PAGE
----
By Collin County Criminal Defense Lawyer Jeremy Rosenthal
Cell phone video cameras in the hands of people at all levels of society have triggered dramatic changes in law enforcement over the past few years.
Police have been utilizing video and audio equipment for decades, normally affixed to their squad car. The video has always been a great aid to both law enforcement and the citizens accused of offenses because it renders a clear and accurate depiction of what went on at the scene of the arrest. It protects officers from unfounded claims of brutality and harassment but also protects people from exaggerated criminal charges or claims in court.
So why is what we see on video now so much more dramatic than we’ve ever seen before? Simply do a google search for “police brutality caught on tape” and you’ll see video after video of questionable conduct (or sometimes flagrant) police mis-conduct.
The simple answer is police are no longer in control of who, what, when and how incidents are video taped. The cameraman has changed.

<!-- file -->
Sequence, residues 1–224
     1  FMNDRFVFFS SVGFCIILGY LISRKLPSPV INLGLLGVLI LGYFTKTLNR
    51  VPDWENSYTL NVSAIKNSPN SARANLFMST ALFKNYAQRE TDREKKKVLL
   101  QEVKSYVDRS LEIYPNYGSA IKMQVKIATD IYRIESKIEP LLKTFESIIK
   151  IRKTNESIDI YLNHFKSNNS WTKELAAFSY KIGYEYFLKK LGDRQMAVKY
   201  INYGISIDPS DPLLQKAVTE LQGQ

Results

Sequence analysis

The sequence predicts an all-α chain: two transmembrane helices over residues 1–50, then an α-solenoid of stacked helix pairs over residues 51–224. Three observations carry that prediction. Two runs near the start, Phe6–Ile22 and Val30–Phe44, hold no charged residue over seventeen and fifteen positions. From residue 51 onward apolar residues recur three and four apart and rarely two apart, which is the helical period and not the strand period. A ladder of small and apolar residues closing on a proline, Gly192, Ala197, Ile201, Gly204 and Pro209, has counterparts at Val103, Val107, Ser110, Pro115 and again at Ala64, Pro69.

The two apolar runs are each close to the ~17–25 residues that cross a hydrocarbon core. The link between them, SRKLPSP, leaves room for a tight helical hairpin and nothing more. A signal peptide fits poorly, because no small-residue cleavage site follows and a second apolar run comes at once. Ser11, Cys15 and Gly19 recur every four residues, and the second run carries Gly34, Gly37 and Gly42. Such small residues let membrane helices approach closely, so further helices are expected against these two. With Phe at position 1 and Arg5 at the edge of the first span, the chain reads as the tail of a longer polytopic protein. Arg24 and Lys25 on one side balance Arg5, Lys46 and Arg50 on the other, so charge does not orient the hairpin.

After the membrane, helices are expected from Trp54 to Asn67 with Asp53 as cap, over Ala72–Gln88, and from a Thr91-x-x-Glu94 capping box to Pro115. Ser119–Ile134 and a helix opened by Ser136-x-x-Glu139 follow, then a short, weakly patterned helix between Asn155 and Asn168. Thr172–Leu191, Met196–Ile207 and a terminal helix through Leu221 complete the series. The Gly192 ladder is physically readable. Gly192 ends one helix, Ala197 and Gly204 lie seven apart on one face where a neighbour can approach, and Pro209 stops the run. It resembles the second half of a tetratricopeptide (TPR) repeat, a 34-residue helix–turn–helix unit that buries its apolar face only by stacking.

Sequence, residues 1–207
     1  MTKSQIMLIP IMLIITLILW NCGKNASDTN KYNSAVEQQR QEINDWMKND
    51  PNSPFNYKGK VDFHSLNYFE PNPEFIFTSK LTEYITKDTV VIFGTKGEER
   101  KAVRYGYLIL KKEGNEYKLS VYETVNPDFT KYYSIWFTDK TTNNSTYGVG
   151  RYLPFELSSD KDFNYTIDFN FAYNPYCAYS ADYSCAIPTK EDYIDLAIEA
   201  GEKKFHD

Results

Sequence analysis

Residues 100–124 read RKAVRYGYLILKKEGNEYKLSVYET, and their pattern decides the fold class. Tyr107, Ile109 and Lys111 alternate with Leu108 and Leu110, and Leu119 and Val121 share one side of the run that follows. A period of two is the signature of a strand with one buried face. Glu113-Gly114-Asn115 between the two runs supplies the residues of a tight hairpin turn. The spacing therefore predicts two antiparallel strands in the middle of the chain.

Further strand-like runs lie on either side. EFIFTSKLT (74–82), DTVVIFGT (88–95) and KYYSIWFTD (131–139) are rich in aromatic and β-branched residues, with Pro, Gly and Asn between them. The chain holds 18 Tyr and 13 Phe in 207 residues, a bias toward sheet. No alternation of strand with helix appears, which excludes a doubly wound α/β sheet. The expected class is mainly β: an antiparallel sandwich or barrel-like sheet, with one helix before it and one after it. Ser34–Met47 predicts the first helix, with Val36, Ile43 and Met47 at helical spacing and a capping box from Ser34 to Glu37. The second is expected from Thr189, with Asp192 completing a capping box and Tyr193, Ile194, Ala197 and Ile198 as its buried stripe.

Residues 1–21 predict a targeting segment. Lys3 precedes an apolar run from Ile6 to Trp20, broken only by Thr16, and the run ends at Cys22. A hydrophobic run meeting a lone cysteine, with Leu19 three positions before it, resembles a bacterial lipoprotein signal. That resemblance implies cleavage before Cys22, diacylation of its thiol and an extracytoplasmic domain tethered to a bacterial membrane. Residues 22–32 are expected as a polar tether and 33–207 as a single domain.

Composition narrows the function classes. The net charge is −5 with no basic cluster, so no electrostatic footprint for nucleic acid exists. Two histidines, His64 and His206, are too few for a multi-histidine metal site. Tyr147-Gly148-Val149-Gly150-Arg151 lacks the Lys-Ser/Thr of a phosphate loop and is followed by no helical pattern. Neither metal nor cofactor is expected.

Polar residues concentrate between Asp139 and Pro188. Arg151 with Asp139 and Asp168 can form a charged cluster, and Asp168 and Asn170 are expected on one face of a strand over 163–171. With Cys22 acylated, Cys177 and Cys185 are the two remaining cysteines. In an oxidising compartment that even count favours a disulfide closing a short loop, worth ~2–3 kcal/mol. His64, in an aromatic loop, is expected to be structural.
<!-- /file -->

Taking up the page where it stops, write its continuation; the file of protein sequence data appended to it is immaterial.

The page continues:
A squad car video has a limited lateral range. For instance, when an officer has to leave his or her car and go to chase a suspect on foot or enter a house during a domestic call, the camera can’t follow though audio is often still available. An officer has a good idea when they’re on and off camera based where they’re standing in relation to the car.
Police do have limited discretion when it comes to what gets recorded. Virtually all squad cars cameras turn on when the over-head lights are triggered (barring technical malfunctions or very small police agencies). Sometimes an officer turns off the audio recording. Though this may be a no-no, it is very difficult to prove and most jurors are indifferent to such happenings.
Cell phone video cameras from citizens can record a police officer at any time, at any place and from any angle. Unfortunately for police, the videos where people record an officer being professional and doing outstanding work don’t go viral. The fact an officer can wake up any morning knowing by the end of their shift they could be on the cover CNN.com must be undoubtedly unnerving.
Prudent officers must realize this new reality and should be on their best behavior at all times — not just when they know they’re actions are being recorded by their own equipment. The vast majority already are.
*Jeremy Rosenthal is Board Certified in Criminal Law by the Texas Board of Legal Specialization and licensed by the Supreme Court of Texas. He is a Texas Super Lawyer as designated by Thomson Reuters.